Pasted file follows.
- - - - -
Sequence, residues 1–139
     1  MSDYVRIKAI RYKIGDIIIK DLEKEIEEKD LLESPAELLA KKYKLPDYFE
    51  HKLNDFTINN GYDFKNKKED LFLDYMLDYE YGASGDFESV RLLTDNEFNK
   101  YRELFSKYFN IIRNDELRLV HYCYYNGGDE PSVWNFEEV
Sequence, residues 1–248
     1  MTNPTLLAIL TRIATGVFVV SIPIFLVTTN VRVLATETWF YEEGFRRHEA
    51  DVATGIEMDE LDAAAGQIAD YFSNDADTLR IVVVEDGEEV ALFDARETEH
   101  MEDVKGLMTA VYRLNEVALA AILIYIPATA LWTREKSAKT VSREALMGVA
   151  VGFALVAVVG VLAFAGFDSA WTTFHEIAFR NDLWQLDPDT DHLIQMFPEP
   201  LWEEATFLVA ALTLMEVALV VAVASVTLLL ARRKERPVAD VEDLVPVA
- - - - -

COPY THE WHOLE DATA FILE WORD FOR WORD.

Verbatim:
Sequence, residues 1–139
     1  MSDYVRIKAI RYKIGDIIIK DLEKEIEEKD LLESPAELLA KKYKLPDYFE
    51  HKLNDFTINN GYDFKNKKED LFLDYMLDYE YGASGDFESV RLLTDNEFNK
   101  YRELFSKYFN IIRNDELRLV HYCYYNGGDE PSVWNFEEV
Sequence, residues 1–248
     1  MTNPTLLAIL TRIATGVFVV SIPIFLVTTN VRVLATETWF YEEGFRRHEA
    51  DVATGIEMDE LDAAAGQIAD YFSNDADTLR IVVVEDGEEV ALFDARETEH
   101  MEDVKGLMTA VYRLNEVALA AILIYIPATA LWTREKSAKT VSREALMGVA
   151  VGFALVAVVG VLAFAGFDSA WTTFHEIAFR NDLWQLDPDT DHLIQMFPEP
   201  LWEEATFLVA ALTLMEVALV VAVASVTLLL ARRKERPVAD VEDLVPVA